After graduating 33 players in 2009, including 11 starters, the Red football team knew it had some big holes to fill. Apparently, the media is also aware — Cornell was picked to finish sixth, tied with Columbia, in the Ivy League Preseason Media Poll.
After an extremely successful trip to the west coast, men’s tennis begins its Ivy campaign in New York City against Columbia on Saturday. The Red (9-3) is on a seven game winning streak.
In their matchup last year, the Red lost in an extremely tight match, 4-3. However, the team has many more wins this year than it did going into its Ivy season, and their success on the road in Calif. during spring break will to be a big confidence booster against the Ancient Eight.
The women’s team has had the opposite result in both their California sojourn and their preaseason. The women (4-9) are struggling. The team took two straight losses in California after defeating Azusa Pacific University. The Red will host Columbia at home at Reis Tennis center.
Yesterday, Ivy League Executive Director Jeff Orleans announced a change in the Ivy League lacrosse season that will create a four-team tournament. Set to be implemented for the first time in the spring 2010 season, that will determine the Ivy League’s automatic qualifier for the NCAA Division I Men’s and Women’s Lacrosse Championships. The winners of the Ivy League championships will continue, however, to be determined by the results of the league’s round-robin competitions.
The whirlwind season continues as the volleyball team, fresh off a tough four-set loss to Colgate Tuesday night, hits the road to take on Ivy rivals Harvard and Dartmouth this weekend. The Red will face off against the Crimson tonight at 7 p.m. at the Malkin Athletic Center in Cambridge, Mass., before making the drive to Leede Arena in Hanover, N.H., to tangle with the Green on Dartmouth’s Homecoming weekend.
In Cornell’s (4-10, 3-1 Ivy) last game action, the team fell despite a fast start and 1-0 advantage in sets over Colgate. Ultimately, the Raiders were better able to make adjustments, said Cornell head coach Deitre Collins-Parker.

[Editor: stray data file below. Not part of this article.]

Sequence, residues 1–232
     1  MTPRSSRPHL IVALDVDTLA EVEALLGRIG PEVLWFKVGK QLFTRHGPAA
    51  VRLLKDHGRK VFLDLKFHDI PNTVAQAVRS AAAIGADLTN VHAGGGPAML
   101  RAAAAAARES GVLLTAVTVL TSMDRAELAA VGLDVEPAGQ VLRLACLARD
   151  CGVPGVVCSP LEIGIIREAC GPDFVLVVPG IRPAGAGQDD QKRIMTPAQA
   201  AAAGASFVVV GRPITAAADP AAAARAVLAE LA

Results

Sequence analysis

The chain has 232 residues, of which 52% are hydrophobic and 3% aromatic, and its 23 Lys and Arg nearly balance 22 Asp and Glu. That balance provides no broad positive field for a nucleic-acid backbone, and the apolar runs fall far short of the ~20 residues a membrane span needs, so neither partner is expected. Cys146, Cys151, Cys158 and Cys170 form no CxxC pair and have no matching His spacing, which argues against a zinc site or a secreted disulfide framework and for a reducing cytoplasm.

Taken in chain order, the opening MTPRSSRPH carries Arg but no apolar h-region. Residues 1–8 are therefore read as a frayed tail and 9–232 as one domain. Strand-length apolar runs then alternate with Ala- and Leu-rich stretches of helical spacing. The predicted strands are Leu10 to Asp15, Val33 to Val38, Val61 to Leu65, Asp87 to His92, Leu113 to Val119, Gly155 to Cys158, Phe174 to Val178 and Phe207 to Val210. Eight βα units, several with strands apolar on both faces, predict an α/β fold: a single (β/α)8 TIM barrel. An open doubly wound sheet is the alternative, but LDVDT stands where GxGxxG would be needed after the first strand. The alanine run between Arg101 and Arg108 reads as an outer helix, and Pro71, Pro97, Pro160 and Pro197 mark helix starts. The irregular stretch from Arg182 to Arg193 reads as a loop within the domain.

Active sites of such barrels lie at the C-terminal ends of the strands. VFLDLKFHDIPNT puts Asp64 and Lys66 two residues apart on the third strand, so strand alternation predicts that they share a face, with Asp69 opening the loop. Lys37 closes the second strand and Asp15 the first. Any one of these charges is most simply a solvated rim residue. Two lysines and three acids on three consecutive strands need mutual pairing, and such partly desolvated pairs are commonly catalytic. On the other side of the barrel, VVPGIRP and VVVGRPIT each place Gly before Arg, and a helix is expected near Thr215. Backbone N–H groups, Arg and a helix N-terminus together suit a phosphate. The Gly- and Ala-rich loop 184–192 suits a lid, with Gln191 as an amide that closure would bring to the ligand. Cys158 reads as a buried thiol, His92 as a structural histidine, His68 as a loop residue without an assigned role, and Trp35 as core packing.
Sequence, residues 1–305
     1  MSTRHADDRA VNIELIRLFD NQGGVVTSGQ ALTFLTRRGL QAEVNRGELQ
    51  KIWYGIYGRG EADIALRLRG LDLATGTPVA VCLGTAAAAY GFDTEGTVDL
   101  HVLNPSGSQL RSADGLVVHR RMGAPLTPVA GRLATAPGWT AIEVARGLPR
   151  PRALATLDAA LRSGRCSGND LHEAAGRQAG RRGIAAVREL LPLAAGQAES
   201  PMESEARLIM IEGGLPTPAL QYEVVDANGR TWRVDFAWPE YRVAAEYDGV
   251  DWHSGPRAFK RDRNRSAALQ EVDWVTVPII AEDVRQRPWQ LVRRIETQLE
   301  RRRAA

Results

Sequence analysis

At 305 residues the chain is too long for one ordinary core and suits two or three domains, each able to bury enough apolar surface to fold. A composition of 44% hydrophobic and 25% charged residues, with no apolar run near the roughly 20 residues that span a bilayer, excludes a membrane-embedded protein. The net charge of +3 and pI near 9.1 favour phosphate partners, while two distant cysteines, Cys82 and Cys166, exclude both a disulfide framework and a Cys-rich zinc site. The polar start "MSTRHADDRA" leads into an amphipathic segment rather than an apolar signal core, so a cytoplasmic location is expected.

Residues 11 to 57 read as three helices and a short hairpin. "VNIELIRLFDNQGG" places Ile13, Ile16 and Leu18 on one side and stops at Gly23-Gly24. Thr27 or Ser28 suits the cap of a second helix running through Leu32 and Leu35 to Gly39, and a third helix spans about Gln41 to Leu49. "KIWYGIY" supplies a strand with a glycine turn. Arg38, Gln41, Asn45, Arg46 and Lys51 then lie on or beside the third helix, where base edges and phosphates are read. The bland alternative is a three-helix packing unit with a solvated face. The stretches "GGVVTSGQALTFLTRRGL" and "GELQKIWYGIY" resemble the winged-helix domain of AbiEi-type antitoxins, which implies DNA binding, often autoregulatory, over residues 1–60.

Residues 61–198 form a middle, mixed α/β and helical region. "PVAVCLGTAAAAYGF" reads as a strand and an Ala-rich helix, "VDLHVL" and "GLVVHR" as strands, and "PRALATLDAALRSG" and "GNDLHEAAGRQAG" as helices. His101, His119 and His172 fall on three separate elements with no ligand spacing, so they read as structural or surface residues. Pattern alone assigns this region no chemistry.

With their first Ivy League match under their belts (or rather, spandex), it’s time for the Red volleyball players to take stock of their preseason and see what can be learned from the experience, as well as what needs to be fixed as the Ivy season starts up in earnest. Saturday’s 3-0 win against Columbia was a good start for the Red (2-7, 1-0 Ivy), but their record overall leaves something to be desired. Should the team be worried, or were its preseason growing pains a part of a normal process that will ultimately strengthen Cornell this season?
Far from the fluorescent lights of Shanghai and the history-laden streets of Beijing lies a starkly different China — a China where bicycles are more prevalent than cars and where private family homes with adjoining small farms are more common than sky-high apartment buildings.
Like a waving silk ribbon, the crowd flowed up and down, up and down with a rhythm of passion and consistency. There were infants, parents, students, grandparents, workers, vagabonds, sports teams, security guards, corporate sponsors, ambassadors and too many other attendees to count or describe.
While many students will be leaving Ithaca for fall break this weekend, the women’s soccer team will stay right at home for an Ivy League match versus Harvard. The Red will host the Crimson at Berman Field tomorrow at noon, as each team tries to bounce back from a loss in its first Ivy game. Cornell (4-6-0, 0-1-0 Ivy) fell in its opener at Penn 1-0 last weekend, whereas Harvard (6-3-1, 0-1-0) lost at Yale 2-1 in overtime.
Harvard, who is ranked No. 7 in the Northeast region according to Soccer Buzz magazine — and eighth in the nation — is coming off a 1-0 win over Fairfield.
In the two teams’ last six meetings, the football team has failed to beat the Crimson. Fortunately for the Red, the last win over its Ivy counterpart came at Schoellkopf in 2005, when Cornell won 27-13. The Red (2-1, 0-1 Ivy) will look to repeat that home performance this Saturday at 1 p.m.
Regardless of the Crimson’s (1-2, 1-0 Ivy) recent success, senior linebacker Ryan Blessing looks to the 2005 results for motivation.
“I really think we are confident going into this game,” Blessing said.
This Sunday at Berman Field, the Red closed the book on more than just its undefeated home record — the disappointing 3-0 loss to local rival Colgate marked the end of its non-conference slate this year. The team can now fully turn its attention to the heart of its season, the Ivy League schedule.
Cornell has already played one Ivy game this year, a disheartening 1-0 loss to Penn in which the Red burned itself with an own-goal in the ninth minute. Despite the loss, the team continues to aim for the league title this year.
“Right now, four teams have a win and four teams have a loss,” said freshman midfielder Laura Buerkle. “So the title is still there for the taking and we really feel like we can beat any team if we play our game.”